My PhD research looks into how we can provide earlier indications of flood hazard at the global scale. One way of doing this is through seasonal forecasts of high (or low) river flow. Seasonal forecasts are designed to provide an early indication that a given variable, such as temperature, rainfall or even river flow, will differ from normal in the coming weeks or months.

While many operational centres produce seasonal forecasts of meteorological variables, operational seasonal forecasts of hydrological variables, particularly at large or global scales, are few and far between. Over the past couple of years, I’ve worked with scientists at ECMWF and the University of Reading to develop the first global-scale seasonal hydro-meteorological forecasting system; this blog post talks about why we implemented such a system, how it works, and the new forecast products it provides. This research has just been published in Geoscientific Model Development.  Continue reading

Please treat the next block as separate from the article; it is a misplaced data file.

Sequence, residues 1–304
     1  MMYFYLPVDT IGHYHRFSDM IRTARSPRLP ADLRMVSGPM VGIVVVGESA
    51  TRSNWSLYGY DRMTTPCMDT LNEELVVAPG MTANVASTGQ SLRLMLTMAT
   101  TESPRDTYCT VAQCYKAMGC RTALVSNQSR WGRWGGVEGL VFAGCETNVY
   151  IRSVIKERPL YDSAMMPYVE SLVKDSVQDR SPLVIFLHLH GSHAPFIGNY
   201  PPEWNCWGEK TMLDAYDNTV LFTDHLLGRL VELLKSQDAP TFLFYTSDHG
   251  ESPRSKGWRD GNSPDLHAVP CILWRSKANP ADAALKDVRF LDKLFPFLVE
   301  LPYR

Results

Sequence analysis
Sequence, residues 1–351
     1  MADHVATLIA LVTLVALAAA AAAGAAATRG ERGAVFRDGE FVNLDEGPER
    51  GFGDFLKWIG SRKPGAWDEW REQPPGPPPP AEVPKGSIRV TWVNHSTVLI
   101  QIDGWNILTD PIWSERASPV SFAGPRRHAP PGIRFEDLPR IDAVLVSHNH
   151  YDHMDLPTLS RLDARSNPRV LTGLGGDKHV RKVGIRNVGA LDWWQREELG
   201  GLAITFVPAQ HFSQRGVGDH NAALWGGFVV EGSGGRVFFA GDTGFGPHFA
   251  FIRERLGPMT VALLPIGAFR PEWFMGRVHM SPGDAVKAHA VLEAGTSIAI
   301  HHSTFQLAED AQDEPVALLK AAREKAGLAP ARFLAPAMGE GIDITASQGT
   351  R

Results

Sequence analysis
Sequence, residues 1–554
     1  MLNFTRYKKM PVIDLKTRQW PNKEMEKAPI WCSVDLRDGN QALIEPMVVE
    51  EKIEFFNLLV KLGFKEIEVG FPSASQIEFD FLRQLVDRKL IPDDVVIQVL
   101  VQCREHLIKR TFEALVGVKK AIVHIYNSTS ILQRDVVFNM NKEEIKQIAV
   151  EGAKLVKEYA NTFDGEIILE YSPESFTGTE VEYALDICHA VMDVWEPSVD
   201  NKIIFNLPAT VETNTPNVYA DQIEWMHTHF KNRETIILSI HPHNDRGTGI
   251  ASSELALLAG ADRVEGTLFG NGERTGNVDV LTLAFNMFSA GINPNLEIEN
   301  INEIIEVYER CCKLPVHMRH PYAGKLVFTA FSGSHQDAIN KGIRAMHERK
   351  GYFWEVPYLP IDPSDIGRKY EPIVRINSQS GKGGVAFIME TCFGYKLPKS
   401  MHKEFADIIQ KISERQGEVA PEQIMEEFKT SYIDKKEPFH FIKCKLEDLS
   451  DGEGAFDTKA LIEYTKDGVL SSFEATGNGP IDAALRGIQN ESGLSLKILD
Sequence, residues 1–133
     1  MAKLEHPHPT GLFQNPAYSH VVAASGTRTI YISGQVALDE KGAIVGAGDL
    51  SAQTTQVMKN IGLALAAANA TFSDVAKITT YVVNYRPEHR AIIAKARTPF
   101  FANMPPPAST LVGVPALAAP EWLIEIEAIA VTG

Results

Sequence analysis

Natural Hazards: Hurricanes, Typhoons & Cyclones

Ever wondered what the difference is between a hurricane, a typhoon and a cyclone? If so, you’re not the only one! And I can answer this one pretty quickly for you: there’s no difference at all! Hurricane, typhoon and cyclone are all different names for the same natural hazard: tropical cyclones. In the Atlantic, they’re usually called hurricanes, in the western Pacific, typhoons, and in Australia and the Indian Ocean, cyclones.

In this blog post, I’ve answered a few questions about tropical cyclones – what they are, how, where and when they happen (& can we get them in the UK?), and what the dangers are. I personally think that they’re one of the most fascinating (and frightening!) types of weather out there and I can talk about them all day – so feel free to ask me questions in the comments below! More on why I’m quite so interested in tropical cyclones another time…

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Hurricane Sandy. Image via NASA

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PhD Update: Less than 6 months to go!

So I’ve now been working on my PhD for ~3.5 years – which means only one thing – I have to submit my thesis within the next 6 months! (Well, 5.5 because I’m a little late writing this…) Time is a funny thing; in some ways the past few years have flown by, but when I think of everything I’ve achieved during my PhD, and see PhD students that started at the same time as me submitting their thesis, I realise how long it’s been!